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«Captives», Jean Lorrah

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Prologue

THE LEGEND OF THE FIRST READER

Before there was an Aventine Empire the world was broken up into little kingdoms. In one of those kingdoms lived a young man who had the power to Read-to know what was in other people's minds-but he was the very first to have such power, and he did not know what to do with it, so he remained a poor honest laborer.

In this kingdom the king had no sons, but he had one very beautiful daughter; all men who saw her wanted to marry her. Since she did not know how to choose among her many suitors, she declared a contest: Whoever could give her her heart's desire would have her hand.

So men brought her gold and jewels, fine horses, musicians and dancers to entertain her, perfumes and spices-and always she declared that their gifts were not her heart's desire.

The young Reader, though, was able to Read what was going on in the princess' mind as her suitors displayed their treasures and were rejected. The king grew angrier and angrier as the girl refused one after another of the fine, strong, wealthy men. The Reader knew that the king wanted his daughter to marry a king… but the daughter did not like the powerful men who tried to claim her hand.

Watching the princess each time there was a public ceremony for another suitor, and Reading her true desire, the Reader fell deeply in love with her. At length, despite the fact that he was a common laborer with no property to give her, he decided to risk pressing his suit. When he stepped forward, the people laughed to see a poor man with no troop of servants carrying treasures, marching forward empty-handed to the foot of the throne.

The king, however, was curious enough to allow the Reader to offer his gift. The young man drew himself up, and addressed the princess. "All your life," he said, "you have had gold and jewels, slaves, furs and perfumes, horses and falcons, treasures from all the lands of the world. All these your father can provide for you-yet you say you do not have your heart's desire. Thus it cannot be any worldly treasure that you long for. What you desire is the love of a good man-a man who is not bent on accumulating treasure or making war on his enemies-a man who will place you above all things as the greatest treasure of his heart. This I can give you, as no man else."

Never before had the princess met a man who understood her deepest desires. "Yes!" she cried. "That is my heart's desire! I shall love you above all men!"

But the king, who had thought the young man comical until his daughter's response, was maddened with anger. "You lie!" he roared. "No daughter of mine would be so foolish as to forego power and wealth for such frivolity! You are a liar, young man, and will die for daring to say such a thing about a member of the king's family! And you," he added, turning to his daughter, "will deny what he has said, or I will have you killed, too!"

"But I can prove it!" cried the young Reader. "I can tell you what is in your heart-I can hear any man's thoughts! You are thinking that you want a strong and powerful man to marry your daughter and be king after you-someone who will give her strong sons who will capture many lands and accumulate great treasures. But if you could Read what was in her heart, you would know as I do that these things mean nothing to her."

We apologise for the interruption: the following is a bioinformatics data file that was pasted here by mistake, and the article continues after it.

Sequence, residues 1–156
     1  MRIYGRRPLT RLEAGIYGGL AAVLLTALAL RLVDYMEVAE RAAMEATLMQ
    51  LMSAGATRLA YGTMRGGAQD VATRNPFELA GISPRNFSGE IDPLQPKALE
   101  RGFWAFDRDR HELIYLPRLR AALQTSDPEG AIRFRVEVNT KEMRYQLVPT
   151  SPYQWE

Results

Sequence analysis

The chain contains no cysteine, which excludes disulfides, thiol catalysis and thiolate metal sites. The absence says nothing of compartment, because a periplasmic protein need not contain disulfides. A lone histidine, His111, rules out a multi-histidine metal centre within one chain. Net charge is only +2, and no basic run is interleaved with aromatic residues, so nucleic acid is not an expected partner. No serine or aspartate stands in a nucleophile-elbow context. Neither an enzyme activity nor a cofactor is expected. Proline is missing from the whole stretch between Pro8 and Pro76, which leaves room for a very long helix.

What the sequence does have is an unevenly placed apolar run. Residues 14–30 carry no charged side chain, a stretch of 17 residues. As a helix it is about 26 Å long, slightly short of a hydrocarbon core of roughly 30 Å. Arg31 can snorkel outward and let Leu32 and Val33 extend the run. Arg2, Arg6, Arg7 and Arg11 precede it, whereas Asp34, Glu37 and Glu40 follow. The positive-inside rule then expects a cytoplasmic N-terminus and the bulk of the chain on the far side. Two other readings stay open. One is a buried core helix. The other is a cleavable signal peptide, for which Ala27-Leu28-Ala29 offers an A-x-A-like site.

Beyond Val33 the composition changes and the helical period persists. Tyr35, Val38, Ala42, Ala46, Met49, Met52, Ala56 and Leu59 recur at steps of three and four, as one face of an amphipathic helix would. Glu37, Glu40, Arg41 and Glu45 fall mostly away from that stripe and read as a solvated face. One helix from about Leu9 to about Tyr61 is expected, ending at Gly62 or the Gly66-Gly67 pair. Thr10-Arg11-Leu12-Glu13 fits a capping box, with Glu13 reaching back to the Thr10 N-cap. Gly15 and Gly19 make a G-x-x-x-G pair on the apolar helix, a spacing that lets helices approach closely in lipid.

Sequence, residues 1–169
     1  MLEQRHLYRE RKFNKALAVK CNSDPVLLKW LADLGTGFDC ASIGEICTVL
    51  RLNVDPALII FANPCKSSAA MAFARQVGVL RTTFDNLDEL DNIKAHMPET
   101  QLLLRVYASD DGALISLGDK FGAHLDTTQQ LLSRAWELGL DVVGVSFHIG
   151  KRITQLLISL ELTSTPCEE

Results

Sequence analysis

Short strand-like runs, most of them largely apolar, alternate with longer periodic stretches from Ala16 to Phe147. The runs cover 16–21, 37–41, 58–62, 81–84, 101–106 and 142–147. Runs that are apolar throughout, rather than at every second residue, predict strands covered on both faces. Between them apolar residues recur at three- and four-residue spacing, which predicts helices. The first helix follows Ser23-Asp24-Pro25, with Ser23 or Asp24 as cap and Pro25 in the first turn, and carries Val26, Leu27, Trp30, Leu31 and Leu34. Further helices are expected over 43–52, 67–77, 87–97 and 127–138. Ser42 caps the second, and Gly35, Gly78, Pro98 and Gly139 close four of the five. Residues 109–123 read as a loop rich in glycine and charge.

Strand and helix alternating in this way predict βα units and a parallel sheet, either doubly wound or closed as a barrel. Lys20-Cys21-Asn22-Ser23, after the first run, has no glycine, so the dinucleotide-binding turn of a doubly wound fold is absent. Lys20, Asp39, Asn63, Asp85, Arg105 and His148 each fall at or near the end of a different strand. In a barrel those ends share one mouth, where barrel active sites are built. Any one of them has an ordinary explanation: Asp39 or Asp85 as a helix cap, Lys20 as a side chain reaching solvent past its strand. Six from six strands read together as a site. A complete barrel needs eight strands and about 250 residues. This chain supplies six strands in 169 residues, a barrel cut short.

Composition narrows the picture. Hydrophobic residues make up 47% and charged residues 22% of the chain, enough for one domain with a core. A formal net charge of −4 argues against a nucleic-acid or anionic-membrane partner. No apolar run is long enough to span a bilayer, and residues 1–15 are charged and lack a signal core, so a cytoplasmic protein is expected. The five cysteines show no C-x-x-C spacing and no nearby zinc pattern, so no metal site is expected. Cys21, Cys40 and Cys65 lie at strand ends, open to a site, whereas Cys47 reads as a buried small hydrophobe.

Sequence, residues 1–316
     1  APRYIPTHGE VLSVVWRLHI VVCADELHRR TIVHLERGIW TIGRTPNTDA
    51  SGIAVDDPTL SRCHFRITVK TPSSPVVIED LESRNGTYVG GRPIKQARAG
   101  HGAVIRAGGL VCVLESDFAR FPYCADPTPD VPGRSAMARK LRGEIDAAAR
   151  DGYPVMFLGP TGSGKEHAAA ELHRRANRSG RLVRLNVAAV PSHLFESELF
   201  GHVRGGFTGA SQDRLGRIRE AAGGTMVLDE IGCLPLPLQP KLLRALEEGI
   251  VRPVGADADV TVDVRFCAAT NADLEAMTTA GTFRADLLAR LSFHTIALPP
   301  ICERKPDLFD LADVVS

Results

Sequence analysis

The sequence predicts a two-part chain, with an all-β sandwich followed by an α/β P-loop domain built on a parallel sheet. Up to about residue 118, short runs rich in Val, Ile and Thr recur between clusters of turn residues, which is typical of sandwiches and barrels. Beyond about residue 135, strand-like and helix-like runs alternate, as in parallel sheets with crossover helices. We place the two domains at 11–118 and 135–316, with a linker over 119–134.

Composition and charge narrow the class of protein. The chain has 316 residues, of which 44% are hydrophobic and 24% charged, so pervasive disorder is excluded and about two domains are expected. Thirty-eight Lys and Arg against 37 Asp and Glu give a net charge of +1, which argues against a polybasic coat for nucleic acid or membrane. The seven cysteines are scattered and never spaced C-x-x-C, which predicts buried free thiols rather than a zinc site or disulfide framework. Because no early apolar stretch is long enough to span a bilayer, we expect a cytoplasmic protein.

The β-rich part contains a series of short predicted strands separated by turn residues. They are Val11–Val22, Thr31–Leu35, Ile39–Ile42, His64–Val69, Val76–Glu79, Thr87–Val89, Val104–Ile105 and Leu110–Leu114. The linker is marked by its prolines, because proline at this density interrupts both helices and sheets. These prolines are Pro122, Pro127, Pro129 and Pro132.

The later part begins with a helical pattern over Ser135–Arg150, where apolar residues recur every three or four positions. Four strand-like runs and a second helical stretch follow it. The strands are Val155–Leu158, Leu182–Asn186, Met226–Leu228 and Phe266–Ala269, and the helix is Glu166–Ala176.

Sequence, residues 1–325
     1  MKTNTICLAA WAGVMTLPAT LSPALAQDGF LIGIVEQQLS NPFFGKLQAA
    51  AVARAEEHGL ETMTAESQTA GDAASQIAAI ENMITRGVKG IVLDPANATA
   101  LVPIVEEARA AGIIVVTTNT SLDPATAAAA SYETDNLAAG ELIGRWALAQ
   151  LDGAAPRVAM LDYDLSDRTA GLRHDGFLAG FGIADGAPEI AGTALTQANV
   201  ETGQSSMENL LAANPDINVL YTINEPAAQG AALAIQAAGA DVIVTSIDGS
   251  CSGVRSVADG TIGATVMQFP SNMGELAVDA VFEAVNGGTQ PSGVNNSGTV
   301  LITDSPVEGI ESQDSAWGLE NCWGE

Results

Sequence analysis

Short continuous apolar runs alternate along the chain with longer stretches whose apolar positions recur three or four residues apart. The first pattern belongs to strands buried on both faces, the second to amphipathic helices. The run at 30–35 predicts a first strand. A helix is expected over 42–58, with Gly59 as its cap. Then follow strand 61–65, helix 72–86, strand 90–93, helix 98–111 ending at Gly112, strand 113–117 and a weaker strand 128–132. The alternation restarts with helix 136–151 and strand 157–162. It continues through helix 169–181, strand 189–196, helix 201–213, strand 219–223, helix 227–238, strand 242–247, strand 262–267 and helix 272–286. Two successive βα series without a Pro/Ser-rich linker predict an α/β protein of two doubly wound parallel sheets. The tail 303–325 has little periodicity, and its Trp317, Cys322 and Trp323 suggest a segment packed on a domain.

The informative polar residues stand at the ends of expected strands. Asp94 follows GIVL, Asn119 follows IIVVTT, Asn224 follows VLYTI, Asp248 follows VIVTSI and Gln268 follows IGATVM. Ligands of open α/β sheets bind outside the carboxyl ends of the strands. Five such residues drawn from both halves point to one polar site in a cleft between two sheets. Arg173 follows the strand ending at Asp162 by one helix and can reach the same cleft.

Now the king knew that the Reader spoke the truth about what he was thinking, but he also thought it nothing but common sense, such as any man ought to think. He had the young man hauled off to the dungeon, threatening to cut his tongue out if he continued to tell lies about the princess. That night, however, another suitor for the princess' hand arrived-a great and powerful warlord from a neighboring land.

Languishing in his dungeon, the Reader Read the plans of the warlord. He had brought with him an army, claiming it was his gift to the princess, for surely it must be strength of arms that was her heart's desire. But he was also prepared for rejection-in which case his army, thus smuggled into the heart of the kingdom, would turn on the people. They would kill the king, and the warlord would take the princess by force and make himself king of all the land.

Knowing this, the Reader begged and pleaded with his guards to arrange an audience for him with the king. As it happened, the king had planned to test the young man's claims, for he could see great value in someone who could tell him his enemies' secrets… if such an impossible claim proved true. So the next morning he had the Reader brought before him, and the Reader told him the plan of the warlord. The king had his own army, disguised as common people, surrounding the warlord's army when he made his offer to-the princess. She rejected him, of course-and he turned and shouted to his men, "To arms!"

Just as quickly, the king's men threw off their disguises, and in a battle at the king's feet they slaughtered their enemies. The Reader was elated-he had proved his value, and was sure the king would change his mind and allow him to marry the princess.

But the king saw only danger in a man who knew what was in people's minds-he immediately envisioned his son-in-law plotting to kill him and take the throne, and no reassurances would make him trust the Reader, nor would the pleadings of the princess mitigate his decision.